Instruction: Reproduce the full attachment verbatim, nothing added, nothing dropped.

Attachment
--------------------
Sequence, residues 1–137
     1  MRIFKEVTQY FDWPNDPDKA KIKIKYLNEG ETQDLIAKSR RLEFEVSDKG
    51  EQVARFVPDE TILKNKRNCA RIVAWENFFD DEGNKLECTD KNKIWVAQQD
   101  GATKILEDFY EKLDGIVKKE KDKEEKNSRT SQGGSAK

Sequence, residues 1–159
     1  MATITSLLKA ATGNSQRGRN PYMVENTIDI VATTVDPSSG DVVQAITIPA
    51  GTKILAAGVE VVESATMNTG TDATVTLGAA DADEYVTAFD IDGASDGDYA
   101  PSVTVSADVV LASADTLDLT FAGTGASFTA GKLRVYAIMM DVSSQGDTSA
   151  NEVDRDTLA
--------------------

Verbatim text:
Sequence, residues 1–137
     1  MRIFKEVTQY FDWPNDPDKA KIKIKYLNEG ETQDLIAKSR RLEFEVSDKG
    51  EQVARFVPDE TILKNKRNCA RIVAWENFFD DEGNKLECTD KNKIWVAQQD
   101  GATKILEDFY EKLDGIVKKE KDKEEKNSRT SQGGSAK

Sequence, residues 1–159
     1  MATITSLLKA ATGNSQRGRN PYMVENTIDI VATTVDPSSG DVVQAITIPA
    51  GTKILAAGVE VVESATMNTG TDATVTLGAA DADEYVTAFD IDGASDGDYA
   101  PSVTVSADVV LASADTLDLT FAGTGASFTA GKLRVYAIMM DVSSQGDTSA
   151  NEVDRDTLA